Are You Mentally Prepared
Getting a new kitten is much more than just cuddles and cute photos. It can be stressful, hard work and exhausting its not that different from bringing home a human baby! Expect some late nights and early mornings as you help your kitten adjust to their new home, as well as a few missteps as they learn to use their litter box and scratching post.Cats are curious, independent and love exploring, so its important that you set some boundaries from the start. While there are bound to be some hiccups along the way, ultimately getting a new kitty will be one of the best choices you can make. Youll be rewarded with years of happy purrs, meows and rewarding friendship.
How Can I Help My Cat Accept The Carrier
You probably got off to a good start with the pet carrier by following the recommendations for bringing your new kitty home. Continued crate training will come in handy over the kittys lifetime. There will be trips to the veterinarian or vacation travel or times of home confinement that require short stays inside the pet carrier.
To foster positive feelings about the pet carrier, start by leaving the carrier in the cats feeding quarters with the door open. Place toys or his food bowl inside the carrier to entice him inside. A pleasant experience and the freedom to come and go as he pleases will give your cat a better view of the carrier.
“A pleasant experience and the freedom to come and go as he pleases will give your cat a better view of the carrier.”
After he becomes comfortable entering and leaving the carrier of his own accord, close the door briefly while he is inside. ;Each time, try to leave the kitten in a bit longer before allowing him to exit. Contrary to your instincts, never allow the kitten out when he cries or scratches at the crate or he will associate those behaviors with escape. Instead, wait until the kitten is calm and quiet, praise him and allow him to exit.
Prepare Your Home For Your New Kitten
Bear in mind that kittens are incredibly curious and will try to explore everywhere. Block access to potential escape routes or dangers such as toxic cleaning products, exposed electrical cables or potted plants that are poisonous to cats .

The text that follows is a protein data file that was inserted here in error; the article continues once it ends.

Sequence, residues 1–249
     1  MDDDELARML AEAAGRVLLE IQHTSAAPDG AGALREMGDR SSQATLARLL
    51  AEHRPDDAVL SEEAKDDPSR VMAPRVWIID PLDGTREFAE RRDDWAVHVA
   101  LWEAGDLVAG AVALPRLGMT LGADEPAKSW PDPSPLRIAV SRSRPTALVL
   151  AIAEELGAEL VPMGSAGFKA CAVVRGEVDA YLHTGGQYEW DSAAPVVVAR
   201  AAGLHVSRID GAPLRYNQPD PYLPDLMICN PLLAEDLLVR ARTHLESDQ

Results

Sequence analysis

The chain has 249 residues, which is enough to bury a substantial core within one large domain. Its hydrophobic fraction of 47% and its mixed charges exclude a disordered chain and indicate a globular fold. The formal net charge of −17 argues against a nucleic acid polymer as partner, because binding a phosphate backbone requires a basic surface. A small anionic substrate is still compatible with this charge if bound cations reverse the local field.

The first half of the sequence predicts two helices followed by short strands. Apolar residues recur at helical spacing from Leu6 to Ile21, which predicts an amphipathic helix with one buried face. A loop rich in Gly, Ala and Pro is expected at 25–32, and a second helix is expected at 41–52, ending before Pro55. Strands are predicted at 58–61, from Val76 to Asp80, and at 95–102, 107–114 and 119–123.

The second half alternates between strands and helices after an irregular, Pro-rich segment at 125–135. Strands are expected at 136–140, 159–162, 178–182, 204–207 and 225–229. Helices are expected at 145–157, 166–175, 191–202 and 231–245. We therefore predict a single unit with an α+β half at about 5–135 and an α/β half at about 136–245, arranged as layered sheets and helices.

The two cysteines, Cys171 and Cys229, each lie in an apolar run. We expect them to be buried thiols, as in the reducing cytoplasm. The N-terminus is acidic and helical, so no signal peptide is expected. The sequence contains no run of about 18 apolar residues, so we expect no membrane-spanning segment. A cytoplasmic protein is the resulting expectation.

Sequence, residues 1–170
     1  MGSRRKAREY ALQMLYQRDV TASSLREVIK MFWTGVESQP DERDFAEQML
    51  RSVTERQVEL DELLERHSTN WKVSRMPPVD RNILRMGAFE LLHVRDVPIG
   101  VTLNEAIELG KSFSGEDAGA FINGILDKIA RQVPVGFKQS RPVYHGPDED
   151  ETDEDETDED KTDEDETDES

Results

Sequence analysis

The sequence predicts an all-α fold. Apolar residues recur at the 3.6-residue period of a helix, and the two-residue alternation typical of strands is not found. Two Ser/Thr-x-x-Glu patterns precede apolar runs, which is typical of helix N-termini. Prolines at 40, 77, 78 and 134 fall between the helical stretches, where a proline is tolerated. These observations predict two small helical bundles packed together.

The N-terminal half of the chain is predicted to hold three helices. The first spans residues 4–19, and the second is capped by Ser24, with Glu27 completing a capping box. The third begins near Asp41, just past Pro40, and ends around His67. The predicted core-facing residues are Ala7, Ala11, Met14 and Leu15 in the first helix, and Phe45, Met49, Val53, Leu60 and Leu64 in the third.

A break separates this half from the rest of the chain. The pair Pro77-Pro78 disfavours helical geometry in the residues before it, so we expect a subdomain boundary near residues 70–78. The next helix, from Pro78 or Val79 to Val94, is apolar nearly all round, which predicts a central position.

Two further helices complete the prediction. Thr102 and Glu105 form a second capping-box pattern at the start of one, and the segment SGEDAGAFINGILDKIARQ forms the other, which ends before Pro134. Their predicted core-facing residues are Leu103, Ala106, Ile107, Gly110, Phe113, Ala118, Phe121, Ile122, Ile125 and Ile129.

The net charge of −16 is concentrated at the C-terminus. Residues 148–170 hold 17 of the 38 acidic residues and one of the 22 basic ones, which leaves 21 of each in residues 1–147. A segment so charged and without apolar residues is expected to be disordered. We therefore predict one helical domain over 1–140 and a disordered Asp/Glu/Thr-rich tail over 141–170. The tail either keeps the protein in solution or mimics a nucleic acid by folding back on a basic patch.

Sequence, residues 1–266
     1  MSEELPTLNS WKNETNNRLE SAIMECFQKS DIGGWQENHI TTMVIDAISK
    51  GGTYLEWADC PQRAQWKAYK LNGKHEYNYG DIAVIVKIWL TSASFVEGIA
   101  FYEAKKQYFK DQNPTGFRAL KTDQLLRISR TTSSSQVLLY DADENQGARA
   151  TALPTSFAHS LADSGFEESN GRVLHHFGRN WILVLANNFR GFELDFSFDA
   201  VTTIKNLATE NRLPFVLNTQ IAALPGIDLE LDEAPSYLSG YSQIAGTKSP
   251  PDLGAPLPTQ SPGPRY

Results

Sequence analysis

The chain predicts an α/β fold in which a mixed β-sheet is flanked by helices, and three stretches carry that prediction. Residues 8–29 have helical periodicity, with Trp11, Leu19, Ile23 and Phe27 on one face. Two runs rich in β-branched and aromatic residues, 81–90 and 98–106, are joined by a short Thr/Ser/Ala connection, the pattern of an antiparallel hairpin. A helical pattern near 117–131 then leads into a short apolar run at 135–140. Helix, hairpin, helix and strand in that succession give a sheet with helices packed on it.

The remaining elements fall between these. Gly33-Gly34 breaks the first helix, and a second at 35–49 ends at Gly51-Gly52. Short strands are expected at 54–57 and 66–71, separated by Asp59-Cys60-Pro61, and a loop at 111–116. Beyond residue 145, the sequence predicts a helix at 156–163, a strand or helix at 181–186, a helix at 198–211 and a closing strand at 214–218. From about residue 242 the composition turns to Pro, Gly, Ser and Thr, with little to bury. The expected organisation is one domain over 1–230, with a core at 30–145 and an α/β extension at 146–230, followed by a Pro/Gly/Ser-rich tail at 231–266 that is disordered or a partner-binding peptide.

You may also want to consider using cat-safe cleaning products. And dont forget, as well as protecting your kitten from your home, you also need to protect your home from your kitten. A scratching post or cat tree can help your new cat release any excess energy and keep your sofa and other furniture safe from their growing claws.
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Set Up A Feeding Schedule
To keep up with your kittens appetite, youll want to establish a daily feeding routine. The best way to ensure that youre not under or over-feeding your kitten is to consult with you veterinarian about how much and how often to feed. At 3 to 6 moths of age, most vets recommend feeding your kitten three times a day. Once hes reached six months, you can scale it back to twice a day. Keep stocking your pantry with kitten food until your baby reaches adulthood, 9 to12 months old. In addition, dont forget to keep his water bowl fresh and filled at all times. But hold the milk. Contrary to popular belief, milk is not nutritionally sufficient for kittens and can give them diarrhea.
Get advice on the best way to litterbox train your kitten.
Phase 4 Cat Meets Cat
- Let the cats meet at their own pace. If there are no signs of aggression between cats, leave the door to the safe room open a crack. This will allow the new cat to explore and/or your resident cat to visit. Supervision is necessary for the safety of both cats.
- In case of aggression, have a spray bottle filled with water or a towel handy. Always stop serious threats and/or aggression immediately, as a serious fight may damage the potential for successful integration and relationship.
- If over a period of weeks your integration plan is not going well, consider the installation of an inexpensive screen door from a building supply store. The screen door allows the cats to continue to get to know each other by sight and smell, while keeping both parties safe. Each cat can take turns in the screened room.